Detection of radioactivity depends on the type of radiation being targeted.
Gieger counters are short tubes filled with a low-pressure mixture of gas with electrodes maintained at a large potential difference. When radiation entered through the window, the radiation ionized the gas, producing an electrical discharge between the electrodes. The current is used to drive a speaker (the iconic clicks) or increment a counter. However, the long recharge period after each count, and sensitivity mainly to geologically uninteresting alpha particles, has rendered this instrument mostly obsolete.
Sodium iodide crystals photoelectrically absorb gamma rays, producing a flash of light during the process. This flash of light is detected by photomultiplier tubes, converting the energy into an electric current which drives a speaker or increments a counter. The sensitivity of the instrument is dependent upon crystal size, with larger crystals detecting more events. The dead time after each reading is on the order of tens of milliseconds, and thus only requires corrections when working with very highly radioactive materials.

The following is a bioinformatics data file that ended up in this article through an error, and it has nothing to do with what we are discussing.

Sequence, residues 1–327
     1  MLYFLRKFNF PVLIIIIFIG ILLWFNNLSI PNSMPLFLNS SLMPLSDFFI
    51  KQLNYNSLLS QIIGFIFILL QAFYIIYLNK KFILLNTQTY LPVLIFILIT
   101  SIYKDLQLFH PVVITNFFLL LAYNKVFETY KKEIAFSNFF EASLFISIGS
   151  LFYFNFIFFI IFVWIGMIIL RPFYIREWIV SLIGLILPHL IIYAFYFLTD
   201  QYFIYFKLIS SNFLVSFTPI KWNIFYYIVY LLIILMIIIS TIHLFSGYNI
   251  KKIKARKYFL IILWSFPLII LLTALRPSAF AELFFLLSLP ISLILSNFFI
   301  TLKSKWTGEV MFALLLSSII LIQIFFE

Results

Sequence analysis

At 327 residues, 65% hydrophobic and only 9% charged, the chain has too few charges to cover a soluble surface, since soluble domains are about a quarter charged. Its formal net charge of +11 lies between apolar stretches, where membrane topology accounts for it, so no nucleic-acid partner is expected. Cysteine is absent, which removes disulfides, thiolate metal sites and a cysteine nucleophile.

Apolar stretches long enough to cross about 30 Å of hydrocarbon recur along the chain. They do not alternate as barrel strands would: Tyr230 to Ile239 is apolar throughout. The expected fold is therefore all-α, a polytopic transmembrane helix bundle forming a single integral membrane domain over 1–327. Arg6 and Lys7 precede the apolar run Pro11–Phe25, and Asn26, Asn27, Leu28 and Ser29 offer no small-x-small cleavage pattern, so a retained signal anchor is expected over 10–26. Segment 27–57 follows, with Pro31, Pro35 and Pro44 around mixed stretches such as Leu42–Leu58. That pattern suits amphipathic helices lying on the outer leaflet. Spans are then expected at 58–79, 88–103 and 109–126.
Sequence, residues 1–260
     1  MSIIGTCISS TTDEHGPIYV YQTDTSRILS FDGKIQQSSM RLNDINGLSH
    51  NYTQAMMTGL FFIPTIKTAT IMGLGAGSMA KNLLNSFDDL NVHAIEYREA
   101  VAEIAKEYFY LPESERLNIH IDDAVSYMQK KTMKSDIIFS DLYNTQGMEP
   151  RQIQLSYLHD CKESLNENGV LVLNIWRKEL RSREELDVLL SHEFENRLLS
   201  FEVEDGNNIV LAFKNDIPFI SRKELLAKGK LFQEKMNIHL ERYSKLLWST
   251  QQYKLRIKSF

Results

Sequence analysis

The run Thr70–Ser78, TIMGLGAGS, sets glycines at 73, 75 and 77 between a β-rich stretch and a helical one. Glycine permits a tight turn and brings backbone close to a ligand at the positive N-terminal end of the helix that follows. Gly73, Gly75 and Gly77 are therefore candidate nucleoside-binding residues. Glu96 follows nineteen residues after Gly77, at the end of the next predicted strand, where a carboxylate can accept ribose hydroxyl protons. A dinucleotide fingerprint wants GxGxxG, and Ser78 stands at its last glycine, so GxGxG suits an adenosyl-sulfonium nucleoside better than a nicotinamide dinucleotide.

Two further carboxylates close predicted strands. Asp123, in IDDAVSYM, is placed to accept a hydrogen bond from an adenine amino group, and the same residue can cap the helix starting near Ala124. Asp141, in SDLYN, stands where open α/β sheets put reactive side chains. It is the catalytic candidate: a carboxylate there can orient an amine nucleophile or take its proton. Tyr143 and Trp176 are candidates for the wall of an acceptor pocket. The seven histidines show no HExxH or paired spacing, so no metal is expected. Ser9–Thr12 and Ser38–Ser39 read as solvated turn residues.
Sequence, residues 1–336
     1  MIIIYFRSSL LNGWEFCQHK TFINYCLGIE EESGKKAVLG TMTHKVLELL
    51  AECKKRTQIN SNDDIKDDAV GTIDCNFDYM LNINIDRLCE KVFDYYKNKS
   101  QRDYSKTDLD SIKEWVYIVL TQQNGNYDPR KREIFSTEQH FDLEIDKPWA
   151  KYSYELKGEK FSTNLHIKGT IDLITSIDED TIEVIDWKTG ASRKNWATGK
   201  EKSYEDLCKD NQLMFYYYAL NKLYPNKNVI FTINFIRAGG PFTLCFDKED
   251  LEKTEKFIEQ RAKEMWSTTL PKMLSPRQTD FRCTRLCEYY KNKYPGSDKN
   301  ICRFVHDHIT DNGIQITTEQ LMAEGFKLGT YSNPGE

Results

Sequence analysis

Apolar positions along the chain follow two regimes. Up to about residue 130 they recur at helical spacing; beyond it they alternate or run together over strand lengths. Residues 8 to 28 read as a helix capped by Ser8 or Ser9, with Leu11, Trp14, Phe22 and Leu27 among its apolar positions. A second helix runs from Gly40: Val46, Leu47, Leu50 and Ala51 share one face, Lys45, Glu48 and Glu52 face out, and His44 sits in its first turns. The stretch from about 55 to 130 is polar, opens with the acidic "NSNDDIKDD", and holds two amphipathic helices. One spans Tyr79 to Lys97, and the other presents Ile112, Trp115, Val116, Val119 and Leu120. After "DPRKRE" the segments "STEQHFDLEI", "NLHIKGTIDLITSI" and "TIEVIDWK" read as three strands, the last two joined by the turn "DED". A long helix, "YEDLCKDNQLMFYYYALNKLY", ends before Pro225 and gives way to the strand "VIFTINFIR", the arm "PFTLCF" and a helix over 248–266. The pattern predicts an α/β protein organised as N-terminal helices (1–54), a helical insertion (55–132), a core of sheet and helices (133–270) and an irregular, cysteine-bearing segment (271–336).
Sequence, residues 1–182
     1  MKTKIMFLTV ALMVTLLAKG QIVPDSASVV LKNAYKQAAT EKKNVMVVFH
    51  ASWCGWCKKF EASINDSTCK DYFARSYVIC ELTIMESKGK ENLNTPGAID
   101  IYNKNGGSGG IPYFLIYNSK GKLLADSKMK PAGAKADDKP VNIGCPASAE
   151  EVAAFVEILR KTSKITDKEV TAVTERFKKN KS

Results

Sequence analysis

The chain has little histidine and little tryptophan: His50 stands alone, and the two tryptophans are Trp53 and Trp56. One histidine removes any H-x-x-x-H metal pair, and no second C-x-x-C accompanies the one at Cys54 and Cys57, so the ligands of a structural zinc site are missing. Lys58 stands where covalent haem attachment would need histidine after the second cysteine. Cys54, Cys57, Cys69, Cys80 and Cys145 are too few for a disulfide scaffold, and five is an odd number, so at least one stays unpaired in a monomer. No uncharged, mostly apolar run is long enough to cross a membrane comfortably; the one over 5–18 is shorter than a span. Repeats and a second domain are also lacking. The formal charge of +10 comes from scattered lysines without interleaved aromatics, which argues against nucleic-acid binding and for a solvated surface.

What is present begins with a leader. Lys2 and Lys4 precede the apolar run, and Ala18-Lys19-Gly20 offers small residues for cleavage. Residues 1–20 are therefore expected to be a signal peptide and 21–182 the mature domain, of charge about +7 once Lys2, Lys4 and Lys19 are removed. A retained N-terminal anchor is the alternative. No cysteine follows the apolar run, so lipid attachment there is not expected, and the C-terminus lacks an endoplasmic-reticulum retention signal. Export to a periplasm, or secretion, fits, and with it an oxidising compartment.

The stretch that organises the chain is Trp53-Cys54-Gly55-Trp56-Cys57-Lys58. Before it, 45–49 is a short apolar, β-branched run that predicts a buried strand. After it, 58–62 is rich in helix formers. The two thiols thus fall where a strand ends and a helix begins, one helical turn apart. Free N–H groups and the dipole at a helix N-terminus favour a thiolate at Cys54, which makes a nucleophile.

If a pulse-height analyzer is integrated into the photomultiplier tubes, the energy of a gamma ray can be estimated and a spectrum produced. The overlap of gamma ray energies produced by different decay processes is corrected by stripping the measurements, a calculation which is highly dependent on the crystal size of the scintillometer. The equipment will also drift with temperature. Core Laboratories produces several integrated scintillometer systems that will automatically correct the measured spectra, from the laboratory-based Spectral Core Gamma System to the more portable Well-Site Gamma Logger.
Alpha Particle Monitors
Alpha particles are measured by leaving a small detector on site for at least 12 hours. The detectors can be metallic membranes that collect daughter products, photographic emulsions that are etched by ionizing radiation, or sealed units of detector and data storage in a single apparatus.